When I bring up this topic, a lot of people would say "who cares"? It's true that you can still play the game without the manual. But there are many reasons why a manual is still a good idea.
First of all, any kind of on-line help sucks. Whether you're using Microsoft Word or playing a video game, wading through menus to figure out how to do something is a huge pain in the ass. In many cases games use tutorials to explain the controls, but do you really want to replay a 15-minute tutorial just so you can remember how to stiff-arm a defender?
Next, gamers who were around in the 80's and 90's probably remember when it was fun to read the instructions. Some of them had interesting background stories or colorful illustrations that got you psyched up to play. Some PC games actually came with books that you were proud to own. Who can forget the humor in the Donkey Kong Country (SNES) manual? I love the color coded "game variation" charts in those old Atari 2600 manuals.
Manufacturing instruction manuals isn't hard, but putting one together does require some effort. You need writers and artists and graphic designers to make it look professional. More important, you need to have them coordinate with the developers so the manual does not delay the release. I suppose EA finds it cost efficient to fire these people instead of going through the trouble.
It's a shame because games of today need manuals more. On the main menu of any game there's usually a list of modes, and you don't have any idea what half of them mean until you try them. The sports games in particular could benefit from a good manual, since they tend to be more complex.
And please don't tell me "I'd rather have no manual than a bad one", because then you're totally letting the publisher off the hook. It's bad logic. If they are going to charge full price, you deserve the full package. If they wanted to knock off $10, I might be singing a different tune, but we all know that's not going to happen. You'll get less but pay the same amount.
Enough of my rant. Let's hear your thoughts.
But they've largely been so poor for so long that, like it or not, it was easy to see them die. While I agree that just saying that "I'd rather have no manual than a bad one" is just letting them off the hook for something we're owed as a standard part of our $50-$60 purchase, they've just been so useless for so long that its passing has largely gone unnoticed by many of us. I stopped looking at them regularly long ago since they contained relatively little information that was of any use.
I miss the good old days of game manuals, not the flimsy contraptions that have shipped with games in recent years that only include a handful of pages showing the controller layout, with more legal notices seemingly contained on the pages than actual game information.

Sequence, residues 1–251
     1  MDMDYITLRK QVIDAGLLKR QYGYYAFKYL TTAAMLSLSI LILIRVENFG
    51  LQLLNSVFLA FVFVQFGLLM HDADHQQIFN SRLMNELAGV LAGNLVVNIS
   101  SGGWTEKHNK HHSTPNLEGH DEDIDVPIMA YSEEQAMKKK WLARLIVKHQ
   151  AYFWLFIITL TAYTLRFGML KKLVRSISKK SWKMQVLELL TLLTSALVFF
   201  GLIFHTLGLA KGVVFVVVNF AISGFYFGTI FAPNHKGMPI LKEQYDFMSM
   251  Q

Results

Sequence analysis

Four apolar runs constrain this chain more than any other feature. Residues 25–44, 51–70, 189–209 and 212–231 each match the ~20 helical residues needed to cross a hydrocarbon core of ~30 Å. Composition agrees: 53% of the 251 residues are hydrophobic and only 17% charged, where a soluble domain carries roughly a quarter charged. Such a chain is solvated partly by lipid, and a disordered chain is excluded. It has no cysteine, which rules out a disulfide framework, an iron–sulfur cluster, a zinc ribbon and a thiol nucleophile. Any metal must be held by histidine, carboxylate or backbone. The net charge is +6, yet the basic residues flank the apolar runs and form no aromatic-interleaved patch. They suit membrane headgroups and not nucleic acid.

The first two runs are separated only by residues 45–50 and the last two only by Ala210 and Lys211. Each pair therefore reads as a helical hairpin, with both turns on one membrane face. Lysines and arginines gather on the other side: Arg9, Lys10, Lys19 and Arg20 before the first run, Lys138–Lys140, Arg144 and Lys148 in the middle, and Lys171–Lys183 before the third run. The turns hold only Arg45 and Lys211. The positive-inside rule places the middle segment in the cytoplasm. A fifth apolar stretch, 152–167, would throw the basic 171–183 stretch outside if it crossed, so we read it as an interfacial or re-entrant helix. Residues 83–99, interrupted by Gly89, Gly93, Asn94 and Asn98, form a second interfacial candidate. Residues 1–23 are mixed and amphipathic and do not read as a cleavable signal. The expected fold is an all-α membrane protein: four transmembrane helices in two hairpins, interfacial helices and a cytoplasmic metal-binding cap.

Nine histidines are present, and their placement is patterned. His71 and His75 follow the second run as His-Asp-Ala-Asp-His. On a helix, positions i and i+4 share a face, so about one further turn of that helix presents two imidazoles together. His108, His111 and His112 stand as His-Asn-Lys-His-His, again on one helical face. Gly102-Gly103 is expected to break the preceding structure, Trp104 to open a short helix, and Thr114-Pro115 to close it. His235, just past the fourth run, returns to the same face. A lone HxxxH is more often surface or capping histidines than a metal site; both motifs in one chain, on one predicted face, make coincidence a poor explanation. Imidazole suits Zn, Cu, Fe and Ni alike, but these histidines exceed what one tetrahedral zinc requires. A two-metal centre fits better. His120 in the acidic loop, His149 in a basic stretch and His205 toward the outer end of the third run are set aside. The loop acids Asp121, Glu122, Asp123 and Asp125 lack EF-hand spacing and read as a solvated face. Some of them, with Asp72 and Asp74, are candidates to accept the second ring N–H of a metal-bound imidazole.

I remember how useful the instruction manuals were for my Genesis games, course most manuals today aren't that useful, 99% of the time i'm better off getting info from Gamefaqs. While I agree that the exclusion of manuals is sloppy and lazy, the poor quality of manuals makes it to bemoan the loss too much, though now i've got one more reason to not buy EA sports games.
I think there's benefits to the lack of manuals. Yes back in the day I'd love to read them on the way home but now I get a lot of stuff online so don't have a car journey to read it. So many second hand games lack the manuals, in such circumstances having important info in the manual makes it a nightmare for the used game buyer. Space Hulk took on Saturn took me ages to work out for this reason. But by keeping all this info on the disc developers avoid the problem of one being separated from another. And yes they employ fewer manual makers but those guys would have been outside contractors working freelance anyway. Its a mute point because the size of dev teams has grown by a far larger percentage.
My favorite part of the manuals were the illustrations. I loved seeing artwork of the characters in the game. Sometimes they'd look quite different & it gave me a different perspective of what the characters were like.
It's just a natural progression before everything goes digital. In a few years the Critic will make a post, "Bring back the hard copies".
I mean, when a game is explaining what to do the minute you start (like most games do), you really don't need an instruction manual anymore.
And, even if you forget how to play, there's always the Internet (which almost everyone has nowadays), a luxury that wasn't available to most people in the 1980s.
[QUOTE=0-Storm]When I was a kid I'd take my NES, SNES & Genesis manuals on long car rides. Now I read them on the toilet or waiting rooms. I'll miss them dearly.
I respect this concept......
I think I'm at my comprehensive best while reading on the bowl or in a doctor's waiting room.
While I am not complusive about having manuals for all my old video games, I do take comfort in knowing that I have something "official" from the game manufacturer to view if I have a question.
I've recently ordered Spy Hunter for the 2600 and Star Wars for Colecovision and am very grateful for the ability to print these manuals off the internet. But to spend some cash on a new game and not have a printed manual or instruction guide is wrong.
I actually used to like sitting down and going through the manual before ever playing the game. Those days are sure long gone.